My God, what joy!

Discussion in 'Trumpet Discussion' started by Ryan in Texas, Aug 28, 2015.

  1. neal085

    neal085 Mezzo Forte User

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    Sep 6, 2012
    Ft. Worth, TX
    I've never cried when playing, except possibly out of pure rage and frustration.

    Anytime I experience the power of a full symphony orchestra in concert, my chest gets all tight, I get a lump in my throat, and I can't articulate for a few minutes. Same thing happens almost anytime I hear the National Anthem played live. We go to the Ft. Worth Rodeo almost every year, and when the band hits the first notes of The Star Spangled Banner, I inevitably tear up.

    There are also certain pieces of music that affect me that way, especially if I haven't heard them in a while.
     
  2. cb5270

    cb5270 Pianissimo User

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    Jul 20, 2013
    As a listener, the last movement of Mahler 2 will do it every time.
     
  3. Kevin Whiting

    Kevin Whiting Piano User

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    Apr 13, 2013
    Greendale, WI.
    Chris Botti in his 2008 Boston Concert. "Time To Say Goodbye". Full orchestra, Chris and that unbelievable tone!

    I do tear up sometimes when listening to great music. That's when I know it is great!

    Kevin
     
  4. larry newman

    larry newman Piano User

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    Dec 22, 2005
    North Tonawanda, NY, USA
    I have experienced similar feelings, mostly while singing in a very good choir, accompanied by a professional orchestra. Occasionally also in the concert band, as we constantly get better and better.

    It is a bit of a problem when these feelings come when you are the performer. Entrances get missed that way...

    Mahler 2...yes, bought a special mouthpiece for the second trumpet part on that one...

    But the most difficult time came when performing Echoes of Children, a cantata taken from the writings found on the walls of concentration camps in WWII. Heavy stuff, to be sure, but with so many rehearsals we acclimated to it. Then came the performance, at the Jewish Center, a premiere........all of a sudden we noticed that the front row of the audience was wearing paper cutout gold Jewish stars. Our throats started closing up, and getting dry....by some miracle we managed to recover, and concentrate, and do a good job for these survivors...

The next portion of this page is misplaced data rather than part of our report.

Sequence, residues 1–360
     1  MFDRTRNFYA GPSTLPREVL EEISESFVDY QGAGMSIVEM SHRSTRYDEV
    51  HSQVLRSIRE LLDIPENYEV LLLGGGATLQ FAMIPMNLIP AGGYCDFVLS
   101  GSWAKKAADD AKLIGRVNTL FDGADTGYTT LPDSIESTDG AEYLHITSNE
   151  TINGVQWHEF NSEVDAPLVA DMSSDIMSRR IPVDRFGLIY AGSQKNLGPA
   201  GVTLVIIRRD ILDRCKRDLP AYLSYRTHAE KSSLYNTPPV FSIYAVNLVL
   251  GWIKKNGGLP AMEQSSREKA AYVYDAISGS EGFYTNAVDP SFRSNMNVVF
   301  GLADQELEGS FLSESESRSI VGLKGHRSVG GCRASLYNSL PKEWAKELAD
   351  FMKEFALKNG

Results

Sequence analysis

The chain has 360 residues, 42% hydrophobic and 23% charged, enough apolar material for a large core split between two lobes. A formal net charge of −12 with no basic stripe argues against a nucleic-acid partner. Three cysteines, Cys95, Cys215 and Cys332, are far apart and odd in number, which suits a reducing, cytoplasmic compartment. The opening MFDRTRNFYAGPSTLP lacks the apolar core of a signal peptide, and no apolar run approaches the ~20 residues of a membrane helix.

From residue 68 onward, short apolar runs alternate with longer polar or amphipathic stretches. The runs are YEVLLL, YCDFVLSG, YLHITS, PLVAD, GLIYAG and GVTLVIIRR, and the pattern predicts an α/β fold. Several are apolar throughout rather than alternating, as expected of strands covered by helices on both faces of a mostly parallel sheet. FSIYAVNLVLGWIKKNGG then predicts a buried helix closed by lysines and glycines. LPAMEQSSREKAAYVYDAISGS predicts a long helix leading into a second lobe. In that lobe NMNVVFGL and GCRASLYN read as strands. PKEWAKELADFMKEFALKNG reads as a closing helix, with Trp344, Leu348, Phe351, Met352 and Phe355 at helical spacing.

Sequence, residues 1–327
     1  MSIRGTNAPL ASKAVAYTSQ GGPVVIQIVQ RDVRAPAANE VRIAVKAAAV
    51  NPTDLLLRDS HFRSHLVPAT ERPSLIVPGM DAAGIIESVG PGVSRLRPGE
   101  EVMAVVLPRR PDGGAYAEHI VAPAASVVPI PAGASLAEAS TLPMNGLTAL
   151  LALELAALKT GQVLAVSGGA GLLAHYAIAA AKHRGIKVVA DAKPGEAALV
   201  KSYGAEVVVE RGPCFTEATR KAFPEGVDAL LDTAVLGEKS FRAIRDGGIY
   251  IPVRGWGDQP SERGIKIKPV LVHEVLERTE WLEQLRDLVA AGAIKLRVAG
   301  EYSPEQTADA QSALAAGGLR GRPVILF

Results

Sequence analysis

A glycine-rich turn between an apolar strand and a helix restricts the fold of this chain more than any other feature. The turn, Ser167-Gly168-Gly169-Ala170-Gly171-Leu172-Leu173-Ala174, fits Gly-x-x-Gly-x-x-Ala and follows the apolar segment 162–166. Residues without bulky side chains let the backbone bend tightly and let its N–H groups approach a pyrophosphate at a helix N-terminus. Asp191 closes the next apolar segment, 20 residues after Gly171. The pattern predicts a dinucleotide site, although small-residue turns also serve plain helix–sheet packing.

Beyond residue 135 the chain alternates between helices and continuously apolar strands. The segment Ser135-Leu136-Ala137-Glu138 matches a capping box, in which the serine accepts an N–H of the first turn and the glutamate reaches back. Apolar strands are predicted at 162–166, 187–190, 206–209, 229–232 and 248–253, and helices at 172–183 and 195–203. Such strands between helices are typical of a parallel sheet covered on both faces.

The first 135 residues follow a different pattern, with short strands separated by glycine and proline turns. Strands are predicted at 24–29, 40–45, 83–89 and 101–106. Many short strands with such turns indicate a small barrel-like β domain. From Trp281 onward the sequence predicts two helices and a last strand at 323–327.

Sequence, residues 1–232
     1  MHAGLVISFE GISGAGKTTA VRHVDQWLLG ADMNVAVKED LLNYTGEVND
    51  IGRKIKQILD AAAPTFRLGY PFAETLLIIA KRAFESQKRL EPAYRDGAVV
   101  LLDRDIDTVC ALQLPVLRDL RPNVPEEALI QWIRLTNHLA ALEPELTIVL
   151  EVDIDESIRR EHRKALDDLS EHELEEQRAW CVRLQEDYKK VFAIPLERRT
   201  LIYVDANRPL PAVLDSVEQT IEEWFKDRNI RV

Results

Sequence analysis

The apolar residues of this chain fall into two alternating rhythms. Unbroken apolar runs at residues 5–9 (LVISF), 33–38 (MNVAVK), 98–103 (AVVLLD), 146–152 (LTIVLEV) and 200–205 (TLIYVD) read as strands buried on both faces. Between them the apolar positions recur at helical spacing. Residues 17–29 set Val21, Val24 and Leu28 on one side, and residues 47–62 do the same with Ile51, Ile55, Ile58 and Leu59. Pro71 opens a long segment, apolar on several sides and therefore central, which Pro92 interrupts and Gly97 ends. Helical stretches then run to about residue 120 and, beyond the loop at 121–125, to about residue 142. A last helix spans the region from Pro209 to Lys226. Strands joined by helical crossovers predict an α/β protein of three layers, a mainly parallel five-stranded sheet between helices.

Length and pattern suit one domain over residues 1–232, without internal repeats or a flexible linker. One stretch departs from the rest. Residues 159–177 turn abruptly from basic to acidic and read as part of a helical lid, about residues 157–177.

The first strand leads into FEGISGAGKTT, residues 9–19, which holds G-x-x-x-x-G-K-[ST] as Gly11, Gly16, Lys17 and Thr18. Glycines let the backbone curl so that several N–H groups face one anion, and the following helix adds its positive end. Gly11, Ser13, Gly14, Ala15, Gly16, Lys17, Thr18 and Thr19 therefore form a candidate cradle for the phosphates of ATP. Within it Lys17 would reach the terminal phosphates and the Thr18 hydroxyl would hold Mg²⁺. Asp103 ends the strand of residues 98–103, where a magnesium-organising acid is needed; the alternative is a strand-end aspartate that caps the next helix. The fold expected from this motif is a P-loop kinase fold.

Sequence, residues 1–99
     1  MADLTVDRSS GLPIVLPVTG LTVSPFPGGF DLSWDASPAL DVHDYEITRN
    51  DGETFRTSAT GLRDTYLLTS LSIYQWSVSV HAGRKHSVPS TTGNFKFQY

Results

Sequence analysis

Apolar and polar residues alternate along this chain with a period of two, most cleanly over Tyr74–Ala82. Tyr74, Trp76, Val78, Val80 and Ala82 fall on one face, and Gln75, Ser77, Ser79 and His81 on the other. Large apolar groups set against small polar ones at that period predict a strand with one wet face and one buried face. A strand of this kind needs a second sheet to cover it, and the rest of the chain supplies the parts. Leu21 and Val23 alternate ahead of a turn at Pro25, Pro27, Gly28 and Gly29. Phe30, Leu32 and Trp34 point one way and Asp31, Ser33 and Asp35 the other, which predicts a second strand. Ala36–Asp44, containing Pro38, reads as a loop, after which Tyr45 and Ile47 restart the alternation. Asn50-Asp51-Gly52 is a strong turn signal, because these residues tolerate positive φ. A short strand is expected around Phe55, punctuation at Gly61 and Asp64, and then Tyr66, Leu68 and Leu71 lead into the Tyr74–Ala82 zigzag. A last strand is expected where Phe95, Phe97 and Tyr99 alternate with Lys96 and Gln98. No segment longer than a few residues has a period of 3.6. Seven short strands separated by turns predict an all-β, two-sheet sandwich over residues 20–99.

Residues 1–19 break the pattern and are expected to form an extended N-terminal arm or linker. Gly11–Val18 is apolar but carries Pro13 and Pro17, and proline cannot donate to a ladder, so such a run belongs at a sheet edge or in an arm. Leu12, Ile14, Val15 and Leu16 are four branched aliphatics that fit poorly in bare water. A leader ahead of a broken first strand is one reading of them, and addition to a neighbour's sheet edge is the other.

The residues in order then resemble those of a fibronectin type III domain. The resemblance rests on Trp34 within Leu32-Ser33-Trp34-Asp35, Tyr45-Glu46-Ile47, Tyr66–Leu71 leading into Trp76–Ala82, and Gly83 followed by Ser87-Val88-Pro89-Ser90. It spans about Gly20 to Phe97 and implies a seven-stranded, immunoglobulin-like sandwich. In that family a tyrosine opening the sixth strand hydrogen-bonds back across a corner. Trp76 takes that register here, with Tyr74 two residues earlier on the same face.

5. kehaulani

    kehaulani Fortissimo User

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    Hawaian homey
    Heck no. For me, it's not usually a solo trumpeter but a group of musicians. The genre doesn't matter. I probably would not make music if there wasn't an emotional attachment to it. For me music is so powerful, it is a healing experience, as well. Although the lyrics are not Keats and the music Lennon/McCarty, the following lyrics to John Miles' song "Music", have reflected how life-giving it is to me.

    Music was my first love and it will be my last.
    Music of the future and music of the past.

    To live without my music would be impossible to do.
    In this world of troubles, my music pulls me through.
     
  6. Spideriffic

    Spideriffic New Friend

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    Aug 16, 2009
    Plainview, NY
    No one trumpet performer slayed me more than the great Freddie Hubbard. I went to see him play a number of times, often seated right up close to him.
    Along with his astounding technical mastery of the instrument there was a warmth and soul that spoke to me.
     
  7. cb5270

    cb5270 Pianissimo User

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    Jul 20, 2013
    How true. If I am having a "down" day, if I can make my self pick up the horn and play, even if it's just making some fundamentals sound good I always come away feeling better.
     
  8. kehaulani

    kehaulani Fortissimo User

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    May 14, 2011
    Hawaian homey
    Here you go, cb. If this doesn't give you happy feet, nothing will. Bop your head, move your body. Smile.

    https://www.youtube.com/watch?v=Gs069dndIYk
     
  9. cajunrph

    cajunrph New Friend

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    Sep 2, 2008
    Angleton, Texas
    Arturo Sandoval National Anthem at the 2009 Orange Bowl when he cranks it up at the end.
     

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